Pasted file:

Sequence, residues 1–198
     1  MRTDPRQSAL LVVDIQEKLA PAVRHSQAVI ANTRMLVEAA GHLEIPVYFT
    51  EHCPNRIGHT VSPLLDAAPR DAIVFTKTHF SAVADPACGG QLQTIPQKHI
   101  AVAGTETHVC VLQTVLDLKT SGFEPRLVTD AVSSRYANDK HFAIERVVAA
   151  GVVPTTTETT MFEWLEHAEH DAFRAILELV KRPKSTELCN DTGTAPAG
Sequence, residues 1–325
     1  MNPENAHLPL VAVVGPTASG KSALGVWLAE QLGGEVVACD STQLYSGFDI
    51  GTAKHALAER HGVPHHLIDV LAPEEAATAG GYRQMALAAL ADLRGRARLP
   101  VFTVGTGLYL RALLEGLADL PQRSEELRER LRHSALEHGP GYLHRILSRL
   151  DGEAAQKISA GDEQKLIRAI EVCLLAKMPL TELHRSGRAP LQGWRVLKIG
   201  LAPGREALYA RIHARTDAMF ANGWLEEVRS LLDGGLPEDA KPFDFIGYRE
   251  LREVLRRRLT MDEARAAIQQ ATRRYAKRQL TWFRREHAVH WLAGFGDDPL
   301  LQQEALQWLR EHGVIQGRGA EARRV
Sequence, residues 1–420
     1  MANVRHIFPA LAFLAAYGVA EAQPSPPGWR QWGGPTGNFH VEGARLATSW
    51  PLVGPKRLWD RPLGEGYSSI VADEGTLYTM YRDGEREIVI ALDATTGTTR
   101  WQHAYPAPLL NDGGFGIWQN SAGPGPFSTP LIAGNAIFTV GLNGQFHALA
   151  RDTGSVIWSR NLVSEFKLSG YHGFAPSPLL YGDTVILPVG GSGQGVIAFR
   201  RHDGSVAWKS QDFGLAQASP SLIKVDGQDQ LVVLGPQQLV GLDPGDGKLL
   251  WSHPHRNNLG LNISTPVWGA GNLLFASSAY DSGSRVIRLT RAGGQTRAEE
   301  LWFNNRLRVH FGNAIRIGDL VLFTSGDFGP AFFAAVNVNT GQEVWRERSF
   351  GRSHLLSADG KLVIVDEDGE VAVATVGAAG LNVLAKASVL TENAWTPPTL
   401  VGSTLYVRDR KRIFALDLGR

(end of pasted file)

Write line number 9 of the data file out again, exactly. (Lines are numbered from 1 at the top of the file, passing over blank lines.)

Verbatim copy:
   101  VFTVGTGLYL RALLEGLADL PQRSEELRER LRHSALEHGP GYLHRILSRL